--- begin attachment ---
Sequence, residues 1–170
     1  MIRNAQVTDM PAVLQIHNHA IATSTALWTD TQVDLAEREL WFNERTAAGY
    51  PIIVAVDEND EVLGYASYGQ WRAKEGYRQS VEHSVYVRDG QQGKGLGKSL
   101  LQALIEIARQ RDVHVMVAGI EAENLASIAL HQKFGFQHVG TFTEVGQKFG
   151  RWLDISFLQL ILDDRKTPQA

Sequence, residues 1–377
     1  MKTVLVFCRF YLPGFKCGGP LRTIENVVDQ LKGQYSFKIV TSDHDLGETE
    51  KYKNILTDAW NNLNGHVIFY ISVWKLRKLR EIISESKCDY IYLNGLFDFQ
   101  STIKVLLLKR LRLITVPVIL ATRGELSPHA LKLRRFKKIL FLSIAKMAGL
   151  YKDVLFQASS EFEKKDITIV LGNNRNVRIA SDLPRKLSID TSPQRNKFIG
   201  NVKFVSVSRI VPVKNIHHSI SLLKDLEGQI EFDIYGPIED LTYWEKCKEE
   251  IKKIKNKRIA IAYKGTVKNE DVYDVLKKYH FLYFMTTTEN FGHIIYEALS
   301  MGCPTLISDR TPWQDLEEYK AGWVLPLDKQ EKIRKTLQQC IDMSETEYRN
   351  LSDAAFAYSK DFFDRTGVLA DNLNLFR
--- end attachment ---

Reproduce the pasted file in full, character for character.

Sequence, residues 1–170
     1  MIRNAQVTDM PAVLQIHNHA IATSTALWTD TQVDLAEREL WFNERTAAGY
    51  PIIVAVDEND EVLGYASYGQ WRAKEGYRQS VEHSVYVRDG QQGKGLGKSL
   101  LQALIEIARQ RDVHVMVAGI EAENLASIAL HQKFGFQHVG TFTEVGQKFG
   151  RWLDISFLQL ILDDRKTPQA

Sequence, residues 1–377
     1  MKTVLVFCRF YLPGFKCGGP LRTIENVVDQ LKGQYSFKIV TSDHDLGETE
    51  KYKNILTDAW NNLNGHVIFY ISVWKLRKLR EIISESKCDY IYLNGLFDFQ
   101  STIKVLLLKR LRLITVPVIL ATRGELSPHA LKLRRFKKIL FLSIAKMAGL
   151  YKDVLFQASS EFEKKDITIV LGNNRNVRIA SDLPRKLSID TSPQRNKFIG
   201  NVKFVSVSRI VPVKNIHHSI SLLKDLEGQI EFDIYGPIED LTYWEKCKEE
   251  IKKIKNKRIA IAYKGTVKNE DVYDVLKKYH FLYFMTTTEN FGHIIYEALS
   301  MGCPTLISDR TPWQDLEEYK AGWVLPLDKQ EKIRKTLQQC IDMSETEYRN
   351  LSDAAFAYSK DFFDRTGVLA DNLNLFR